bicipital groove


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bicipital groove

[bī′sip·əd·əl ‚grüv]
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We preferred full-thickness skin graft which is harvested from the bicipital groove. Of course, the size of the defect, the condition of the wound, and the likelihood of recurrence should be considered.
(1) Ultrasound and magnetic resonance imaging (MRI) may aid in the diagnosis by demonstrating an absence of the long head in the bicipital groove or at its insertion.
The subscapularis tendon is superficial to the lesser tuberosity and medial to the bicipital groove. Note that the hypoechoic appearance of the medial part of the subscapularis tendon is due to the anisotropy.
Caption: Figure 2: Axial DP FS SE MR sequential images of the right shoulder (TR = 2540; TE = 11.18; NEX = 2; EC = 1) demonstrating a shallow bicipital groove (black arrows) and absence of the long head of the biceps tendon.
The initiating point for the inferior takedown is along the medial ridge of the bicipital groove;
Mobilisation of adhesions at posterior shoulder and LH of biceps in the bicipital groove should be included in the rehabilitation process.
The second one (anterior schantz pin) just lateral to bicipital groove, 30[degrees] anterior to the first schantz pin.
A "chondral print" has been noted in patients and thought to be an indirect sign of LHB instability [9], and chondromalacia beside the bicipital groove or the "biceps tendon footprint" has also been attributed to maltracking of the LHB in the setting of rotator cuff tears and instability [10].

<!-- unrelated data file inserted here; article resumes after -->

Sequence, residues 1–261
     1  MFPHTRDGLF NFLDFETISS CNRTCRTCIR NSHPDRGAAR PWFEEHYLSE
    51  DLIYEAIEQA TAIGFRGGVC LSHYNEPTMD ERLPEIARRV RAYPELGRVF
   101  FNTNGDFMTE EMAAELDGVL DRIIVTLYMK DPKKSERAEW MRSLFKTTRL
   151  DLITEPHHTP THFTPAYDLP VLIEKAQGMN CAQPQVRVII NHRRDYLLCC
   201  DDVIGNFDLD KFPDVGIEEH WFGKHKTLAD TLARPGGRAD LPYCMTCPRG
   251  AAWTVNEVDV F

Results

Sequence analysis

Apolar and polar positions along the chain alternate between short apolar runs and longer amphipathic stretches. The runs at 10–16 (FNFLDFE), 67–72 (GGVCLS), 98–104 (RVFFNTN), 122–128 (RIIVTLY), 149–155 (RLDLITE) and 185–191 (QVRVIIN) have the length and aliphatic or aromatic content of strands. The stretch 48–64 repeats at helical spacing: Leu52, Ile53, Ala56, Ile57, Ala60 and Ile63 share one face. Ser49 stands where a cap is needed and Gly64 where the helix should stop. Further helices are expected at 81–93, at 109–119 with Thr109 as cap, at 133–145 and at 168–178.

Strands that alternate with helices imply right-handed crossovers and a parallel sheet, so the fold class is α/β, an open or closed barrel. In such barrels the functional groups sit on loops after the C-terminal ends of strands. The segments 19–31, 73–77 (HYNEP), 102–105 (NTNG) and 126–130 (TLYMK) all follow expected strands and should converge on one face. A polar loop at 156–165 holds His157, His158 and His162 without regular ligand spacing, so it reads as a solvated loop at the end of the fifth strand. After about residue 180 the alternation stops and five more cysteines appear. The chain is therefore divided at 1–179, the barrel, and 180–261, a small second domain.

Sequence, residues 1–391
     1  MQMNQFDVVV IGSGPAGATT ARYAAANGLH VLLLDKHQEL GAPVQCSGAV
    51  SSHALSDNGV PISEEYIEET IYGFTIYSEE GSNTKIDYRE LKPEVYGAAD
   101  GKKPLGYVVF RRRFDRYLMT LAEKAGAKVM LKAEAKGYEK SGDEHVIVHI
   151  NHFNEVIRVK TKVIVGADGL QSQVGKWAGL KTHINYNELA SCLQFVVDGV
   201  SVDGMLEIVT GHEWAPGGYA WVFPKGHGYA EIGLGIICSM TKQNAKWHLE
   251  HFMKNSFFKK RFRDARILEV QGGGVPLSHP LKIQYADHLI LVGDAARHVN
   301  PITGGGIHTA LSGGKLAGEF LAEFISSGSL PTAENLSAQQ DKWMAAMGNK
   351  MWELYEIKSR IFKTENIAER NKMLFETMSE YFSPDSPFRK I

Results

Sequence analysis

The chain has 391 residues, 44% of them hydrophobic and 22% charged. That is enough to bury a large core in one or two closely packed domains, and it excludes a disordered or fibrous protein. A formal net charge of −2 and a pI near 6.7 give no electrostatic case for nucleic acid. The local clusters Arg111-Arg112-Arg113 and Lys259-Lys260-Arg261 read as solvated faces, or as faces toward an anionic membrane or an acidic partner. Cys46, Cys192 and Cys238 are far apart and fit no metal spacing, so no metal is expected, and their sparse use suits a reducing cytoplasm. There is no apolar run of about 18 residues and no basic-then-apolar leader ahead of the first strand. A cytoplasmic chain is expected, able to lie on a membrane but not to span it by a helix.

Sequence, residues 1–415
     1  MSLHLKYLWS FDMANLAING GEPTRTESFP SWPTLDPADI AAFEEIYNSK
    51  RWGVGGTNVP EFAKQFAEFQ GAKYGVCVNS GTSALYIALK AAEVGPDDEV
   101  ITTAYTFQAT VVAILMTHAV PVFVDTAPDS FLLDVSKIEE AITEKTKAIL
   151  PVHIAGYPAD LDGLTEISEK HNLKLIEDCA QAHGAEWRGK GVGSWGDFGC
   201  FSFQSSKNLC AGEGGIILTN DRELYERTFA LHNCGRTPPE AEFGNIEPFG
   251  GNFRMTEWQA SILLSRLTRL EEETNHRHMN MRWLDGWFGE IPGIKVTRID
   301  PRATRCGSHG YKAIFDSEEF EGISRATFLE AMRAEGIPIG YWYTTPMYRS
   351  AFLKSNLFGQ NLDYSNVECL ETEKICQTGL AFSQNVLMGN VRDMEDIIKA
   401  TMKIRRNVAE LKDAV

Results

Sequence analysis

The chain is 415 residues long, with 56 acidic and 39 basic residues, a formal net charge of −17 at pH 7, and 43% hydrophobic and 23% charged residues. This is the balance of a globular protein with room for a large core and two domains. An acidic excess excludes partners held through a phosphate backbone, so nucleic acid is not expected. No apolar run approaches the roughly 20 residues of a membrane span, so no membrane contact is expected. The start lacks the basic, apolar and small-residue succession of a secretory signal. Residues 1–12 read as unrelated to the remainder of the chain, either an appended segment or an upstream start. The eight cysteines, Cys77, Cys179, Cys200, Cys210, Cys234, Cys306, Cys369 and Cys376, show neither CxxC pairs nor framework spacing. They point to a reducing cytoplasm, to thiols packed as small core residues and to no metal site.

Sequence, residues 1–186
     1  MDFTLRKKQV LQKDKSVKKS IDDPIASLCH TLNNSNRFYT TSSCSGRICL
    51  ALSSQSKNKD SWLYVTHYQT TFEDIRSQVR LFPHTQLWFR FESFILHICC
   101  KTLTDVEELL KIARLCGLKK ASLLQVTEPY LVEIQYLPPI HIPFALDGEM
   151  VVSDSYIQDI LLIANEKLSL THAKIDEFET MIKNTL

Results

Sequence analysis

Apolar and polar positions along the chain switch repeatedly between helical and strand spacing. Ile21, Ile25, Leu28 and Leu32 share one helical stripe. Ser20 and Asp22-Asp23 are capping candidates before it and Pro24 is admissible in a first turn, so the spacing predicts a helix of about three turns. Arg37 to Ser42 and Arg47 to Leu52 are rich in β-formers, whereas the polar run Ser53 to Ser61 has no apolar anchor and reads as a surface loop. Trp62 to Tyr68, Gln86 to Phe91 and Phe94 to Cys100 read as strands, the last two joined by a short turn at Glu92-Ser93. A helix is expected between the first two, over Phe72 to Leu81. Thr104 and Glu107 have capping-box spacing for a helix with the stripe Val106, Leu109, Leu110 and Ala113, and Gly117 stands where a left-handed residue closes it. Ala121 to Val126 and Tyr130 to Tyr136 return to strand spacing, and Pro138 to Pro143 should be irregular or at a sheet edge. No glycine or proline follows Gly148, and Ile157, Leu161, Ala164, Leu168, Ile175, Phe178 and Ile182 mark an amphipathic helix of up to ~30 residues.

The pain is usually localized to the bicipital groove and might radiate toward the insertion of the deltoid muscle.
Incidental finding on MRI was splitting of the long head of the biceps brachii at the bicipital groove and reattachment at lower level close to musculotendinous junction.
Magnetic Resonance Imaging (MRI) without contrast of the affected shoulder indicated an anterior Bankart type labral lesion, small nonengaging Hill-Sachs lesion, and most atypically nonvisualization of the biceps tendon (Figure 1) and absence of the bicipital groove (Figure 2).
Arthroscopic fixation can be performed to an intact rotator cuff, to the conjoint tendon, just proximal to, or within the bicipital groove. The procedure can also performed in an open sub-pectoral fashion, with a fixation site deep and proximal to the inferior border of the pectoralis major tendon.